The coercive style: decisions are made top-down with little emphasis on individual ideas; it is best used in situations of crisis, but in the long run, it negatively affects the employees' morale levels
The authoritative style: sets clear goals and directions; rewards based on performances; individuality; it is stimulating for the dedicated employees; does not work if the manager is too demanding or when the employees work in teams
The affiliative style: based on the creation of a pleasant working environment; may lack control and stimulation; high performances only in a compact and hard working group, sharing common goals
The democratic style: employees' ideas are listened to; team work and participation are encouraged; could create a pleasant environment, but may lack control and direction
The pacesetting style: rapid pace of work, high expectations and performance-based rewards; might stifle creativity and generate a tense environment
The coaching style: based on roles and responsibilities; delegates and sets long-term goals; implements change and may be reluctantly accepted by the employees.
The previous pages have demonstrated that the managerial style directly impacts the organizational performance in terms of employees' motivation and morale and that the participative leadership styles are preferred in the detriment of more autocratic managerial approaches. Taking one step further, V.S.R. Vijayakumar (2007) points out that the performance is also influenced by the way in which the employees perceive the managerial style. "Conceptually, the results imply that organizational climate a key contributing factor for organizational performance, is influenced by the way employees perceive the style with which the management directs and coordinates work activities and their inclinations for accepting diversity and orientation towards individual or team work. If employees perceive the style of management as command and control, [...] then the climate perceptions are negative [...]. On the other hand, if the style is perceived as empowering and support [...] then positive perceptions of organizational climate emerge" (Vijayakumar, 2007). The favorable climate and perceptions positively influence overall organizational performance.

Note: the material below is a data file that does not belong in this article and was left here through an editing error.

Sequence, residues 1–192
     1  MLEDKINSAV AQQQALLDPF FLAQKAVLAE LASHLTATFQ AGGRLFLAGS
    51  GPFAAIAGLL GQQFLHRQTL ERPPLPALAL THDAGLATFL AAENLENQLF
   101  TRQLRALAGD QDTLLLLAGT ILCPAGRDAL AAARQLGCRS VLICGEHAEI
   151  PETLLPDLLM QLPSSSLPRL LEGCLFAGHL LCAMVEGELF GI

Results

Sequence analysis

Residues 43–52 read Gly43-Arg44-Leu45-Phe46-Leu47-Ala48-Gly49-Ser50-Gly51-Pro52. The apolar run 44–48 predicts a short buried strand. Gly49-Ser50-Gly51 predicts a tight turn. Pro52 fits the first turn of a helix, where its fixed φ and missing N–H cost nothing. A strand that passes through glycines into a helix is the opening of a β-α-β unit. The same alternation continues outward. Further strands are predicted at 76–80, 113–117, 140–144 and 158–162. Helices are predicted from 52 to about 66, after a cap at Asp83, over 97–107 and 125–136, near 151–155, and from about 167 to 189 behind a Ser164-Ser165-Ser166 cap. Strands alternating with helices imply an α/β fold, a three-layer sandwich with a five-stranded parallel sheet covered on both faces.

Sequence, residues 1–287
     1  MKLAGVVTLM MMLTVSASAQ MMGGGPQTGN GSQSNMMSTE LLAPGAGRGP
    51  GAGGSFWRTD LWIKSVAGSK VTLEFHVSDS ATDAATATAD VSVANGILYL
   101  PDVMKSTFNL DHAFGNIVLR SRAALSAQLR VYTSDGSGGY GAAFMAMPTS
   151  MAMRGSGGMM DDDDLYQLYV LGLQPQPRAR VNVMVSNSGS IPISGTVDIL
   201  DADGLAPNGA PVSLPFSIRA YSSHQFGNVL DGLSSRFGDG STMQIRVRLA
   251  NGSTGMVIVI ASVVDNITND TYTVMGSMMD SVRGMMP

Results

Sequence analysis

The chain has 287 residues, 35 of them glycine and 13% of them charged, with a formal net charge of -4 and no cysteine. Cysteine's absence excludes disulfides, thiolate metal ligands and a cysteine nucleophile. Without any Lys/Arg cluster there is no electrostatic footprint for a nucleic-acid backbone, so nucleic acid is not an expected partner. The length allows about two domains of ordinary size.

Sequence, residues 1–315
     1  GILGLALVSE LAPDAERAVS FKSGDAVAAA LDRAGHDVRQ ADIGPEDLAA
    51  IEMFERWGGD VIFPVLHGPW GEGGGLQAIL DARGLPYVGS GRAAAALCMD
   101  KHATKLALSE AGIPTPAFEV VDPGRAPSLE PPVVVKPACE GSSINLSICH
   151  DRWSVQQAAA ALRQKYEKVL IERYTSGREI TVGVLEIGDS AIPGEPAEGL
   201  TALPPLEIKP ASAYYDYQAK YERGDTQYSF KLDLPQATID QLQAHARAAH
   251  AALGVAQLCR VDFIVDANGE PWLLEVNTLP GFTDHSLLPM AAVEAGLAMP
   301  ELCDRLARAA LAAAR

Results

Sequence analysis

Accepting then the idea that the participative managerial style is more appropriate for registering high levels of corporate performance, the next question that is being posed refers to the levels of actual participation. M. Jamshidian and M. Rahnama (2004) found that these levels are not consistent, generating then the conclusion that the performance of an organization is not only impacted by the managerial style adopted, but also by the characteristics of implementing the particular style, the personal features of the managers or the collective and individual responses from the employees.
All the studied sources agree that the implemented style of management has an impact upon the overall organizational performances. In further addressing the matter however, the scholars and practitioners have looked at the issues through various indicators of performance. Some analyzed performance in light of output, budget constraints, stakeholder relations, agency costs relative to the overall goals or organizational effectiveness. The majority of the academicians have nevertheless concluded that the impact of the managerial style upon corporate performance is best revealed through the lenses of the working environment and the human resource strategies (i.e. motivation or training).
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